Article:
GU staff on baby watch as Zags head to Sweet 16
SACRAMENTO, Calif. – For Lisa Mispley Fortier, the Sweet 16 is a little sweeter.
How sweet remains to be seen.
The Gonzaga women’s basketball assistant coach traveled to Sacramento on Thursday, two days after her doctor gave her the green light and telling her that actual due date was Wednesday, not April 1, as they had previously believed.
Yes, Fortier is that pregnant.
“I get to go. I thought there was no chance he was going to let us go,” Fortier said. “It’s definitely worth it. And I’m not that uncomfortable. I don’t know if I’m forcing myself not to be because we’re so busy or if I’m just lucky.”
Actually, she knows how lucky she is.
“The convergence of the biggest moment of my personal life and the biggest moment of my professional life so far, coming together at the same time,” she said. “They’re both monumental events.”
That’s why the biggest buzz around the seventh-seeded Bulldogs’ practice Wednesday had little to do with the NCAA tournament or third-seeded Xavier, their opponent Saturday night at ARCO Arena.
“I’m just really happy she gets to go,” head coach Kelly Graves said. “If those first two games didn’t induce labor, she’s in for the long haul.”
“I can’t believe we don’t have it already,” GU senior Tiffanie Shives said. “All the excitement here?
“I still think it’s going to be on the ride home and Pete’s (trainer Peter Clark) going to have to deliver it.”
Fortier and her husband Craig are making contingency plans.
“We’re both from that area,” she said. “All of our family is there. We have familiarity with the area. It’s not like we’re going to be across the country. Worst-case scenario, we’ll be able to get ourselves where we need to go. We’re working on a plan to be a little more specific.”
But no one is happier than assistant coach Jodie Kaczor Berry.
“I think it’s awesome,” she said. “I hate being the center of attention.”
That’s because she’s also pregnant, due in July.
“I plan better,” she said.
“It was planned, but a little bit miscalculated, obviously,” Fortier said. “We’re going into our slow time of the season, but we were by no means trying to have it at this time because we knew this team was going to go far.”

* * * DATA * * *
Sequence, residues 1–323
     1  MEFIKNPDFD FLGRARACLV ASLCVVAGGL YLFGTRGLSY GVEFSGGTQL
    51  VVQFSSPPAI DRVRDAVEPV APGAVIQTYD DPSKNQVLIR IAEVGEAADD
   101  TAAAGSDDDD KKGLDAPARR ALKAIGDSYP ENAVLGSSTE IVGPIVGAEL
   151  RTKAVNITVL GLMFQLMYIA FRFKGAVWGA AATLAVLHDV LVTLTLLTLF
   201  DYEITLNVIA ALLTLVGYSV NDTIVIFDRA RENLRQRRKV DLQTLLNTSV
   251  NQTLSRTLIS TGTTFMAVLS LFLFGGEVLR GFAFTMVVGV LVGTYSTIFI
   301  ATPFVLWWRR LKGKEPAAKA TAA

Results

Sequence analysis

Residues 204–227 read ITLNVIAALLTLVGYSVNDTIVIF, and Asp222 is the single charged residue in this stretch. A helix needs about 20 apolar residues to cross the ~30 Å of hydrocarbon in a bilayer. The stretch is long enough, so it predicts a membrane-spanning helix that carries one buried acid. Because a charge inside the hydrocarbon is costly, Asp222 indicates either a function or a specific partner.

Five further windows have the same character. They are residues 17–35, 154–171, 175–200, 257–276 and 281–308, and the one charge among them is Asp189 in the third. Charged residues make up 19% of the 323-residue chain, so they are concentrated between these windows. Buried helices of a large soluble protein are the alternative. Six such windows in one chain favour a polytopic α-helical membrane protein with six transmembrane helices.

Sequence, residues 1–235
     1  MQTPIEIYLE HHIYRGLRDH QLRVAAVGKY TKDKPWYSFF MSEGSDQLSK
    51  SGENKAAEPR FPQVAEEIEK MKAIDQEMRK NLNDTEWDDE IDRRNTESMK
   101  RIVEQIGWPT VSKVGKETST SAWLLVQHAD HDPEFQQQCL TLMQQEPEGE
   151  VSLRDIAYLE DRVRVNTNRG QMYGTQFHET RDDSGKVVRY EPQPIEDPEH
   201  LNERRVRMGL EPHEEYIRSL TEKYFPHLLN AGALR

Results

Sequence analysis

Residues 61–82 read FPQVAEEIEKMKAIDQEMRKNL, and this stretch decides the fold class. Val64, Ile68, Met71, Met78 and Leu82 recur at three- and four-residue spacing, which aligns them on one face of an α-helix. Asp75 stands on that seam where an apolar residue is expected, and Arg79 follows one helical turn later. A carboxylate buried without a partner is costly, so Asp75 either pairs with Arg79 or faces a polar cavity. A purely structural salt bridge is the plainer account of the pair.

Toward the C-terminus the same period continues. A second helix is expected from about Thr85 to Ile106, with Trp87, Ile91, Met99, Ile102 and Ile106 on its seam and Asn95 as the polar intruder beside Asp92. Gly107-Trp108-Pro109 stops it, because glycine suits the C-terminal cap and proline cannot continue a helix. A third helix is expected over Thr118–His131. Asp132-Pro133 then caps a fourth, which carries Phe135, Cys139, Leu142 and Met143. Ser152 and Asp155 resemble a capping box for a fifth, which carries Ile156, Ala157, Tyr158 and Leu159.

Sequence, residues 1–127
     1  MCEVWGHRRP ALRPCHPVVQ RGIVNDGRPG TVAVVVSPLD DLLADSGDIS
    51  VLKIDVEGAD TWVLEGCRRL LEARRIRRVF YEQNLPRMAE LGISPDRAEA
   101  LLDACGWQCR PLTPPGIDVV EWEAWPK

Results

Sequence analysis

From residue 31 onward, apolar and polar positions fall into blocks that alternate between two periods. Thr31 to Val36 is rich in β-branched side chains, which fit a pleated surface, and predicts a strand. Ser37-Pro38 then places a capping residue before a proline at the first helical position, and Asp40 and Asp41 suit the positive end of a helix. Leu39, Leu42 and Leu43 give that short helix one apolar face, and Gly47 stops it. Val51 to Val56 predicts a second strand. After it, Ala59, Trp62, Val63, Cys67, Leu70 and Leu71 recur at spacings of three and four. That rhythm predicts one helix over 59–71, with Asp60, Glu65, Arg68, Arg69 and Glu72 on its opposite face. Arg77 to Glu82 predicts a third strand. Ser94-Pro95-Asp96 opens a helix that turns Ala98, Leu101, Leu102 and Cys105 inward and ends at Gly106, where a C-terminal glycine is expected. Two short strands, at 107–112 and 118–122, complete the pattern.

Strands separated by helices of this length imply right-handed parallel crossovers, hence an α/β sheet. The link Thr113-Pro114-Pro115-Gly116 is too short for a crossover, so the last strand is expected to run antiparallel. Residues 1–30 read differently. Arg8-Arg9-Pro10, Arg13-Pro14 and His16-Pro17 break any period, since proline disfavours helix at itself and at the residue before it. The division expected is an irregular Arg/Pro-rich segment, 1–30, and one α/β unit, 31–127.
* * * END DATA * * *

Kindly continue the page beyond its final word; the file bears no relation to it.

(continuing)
It’s not like her husband didn’t have the same problem. He’s an assistant for the Whitworth men’s program, which made it to the Division III Sweet 16, necessitating a trip to North Carolina two weeks ago.
“If we would have been a little better planning, we wouldn’t be dealing with any of this right now,” Fortier said, adding it has been pretty sweet around their house this winter.
When Whitworth lost, snapping a 25-game winning streak and ending the season at 25-3, that allowed Craig to be with his wife last weekend in Seattle. There, the Bulldogs ran their winning streak to 20 games and their record to 29-4 with wins over North Carolina and Texas A&M.
After the 71-70 upset of second-seeded A&M Monday night in Seattle, Graves was pinballing around outside the locker room when he saw Fortier with her back to the chaos and Craig rubbing her back.
“Oh, oh, labor,” he said.
“I got all these of texts from people saying, ‘I’m going into labor and I’m not even pregnant yet,’ ” Fortier said.
“The second game, I did start to feel my heart beat down in my side. I don’t know if it was the baby’s or mine, but it was a little bit exciting. I tried to stay calm out there, but you can only make yourself stay calm so much.”
She said the team has been a fun part of the experience.
“It’s been a process for them,” she said. “They’ve been excited for us the whole time, but they’re protective of me, too. As much as they want me to be on the road, they’re asking me if I can do this and they tell me to get off the court.
“The hardest thing is staying out of the drills. Kelly’s done a good job. When it was time, he started kicking me out of drills. I realize now my role has changed now. I can pass, but I can’t defend.”
The players aren’t above making fun of Fortier, calling her “Big House,” or putting basketballs under their practice jerseys.
“We’ll be in the middle of a drill and she’ll say, ‘Sorry, pushing on my bladder, gotta go pee.’ ” Shives said with mock exasperation. “Every day. It’s an every day occurrence.”
Assistant coach Michelle Elliott has a little different perspective.
“I feel really out of place,” the second-year assistant said with a pretend pout.
“Not really. Jodie and Lisa are so awesome. We get along so well, but at the same time, they’re married and starting a family. I like where I’m at. I get to learn from their experience and see how they do it, so I can be prepared when it happens for me someday.”
Graves, the father of three, is enjoying the scene.
“It enhances the entire experience, the whole setting, everything that we’re about,” he said. “Tell me that kid is not going to be loved. Jodie’s, too. They’re going to have free baby-sitting.”